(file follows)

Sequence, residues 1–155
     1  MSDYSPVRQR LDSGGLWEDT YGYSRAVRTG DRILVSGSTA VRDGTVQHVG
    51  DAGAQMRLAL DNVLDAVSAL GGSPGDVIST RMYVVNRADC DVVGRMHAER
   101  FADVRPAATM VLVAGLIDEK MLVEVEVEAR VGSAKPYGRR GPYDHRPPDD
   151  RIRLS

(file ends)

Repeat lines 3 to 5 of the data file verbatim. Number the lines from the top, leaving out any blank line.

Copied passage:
    51  DAGAQMRLAL DNVLDAVSAL GGSPGDVIST RMYVVNRADC DVVGRMHAER
   101  FADVRPAATM VLVAGLIDEK MLVEVEVEAR VGSAKPYGRR GPYDHRPPDD
   151  RIRLS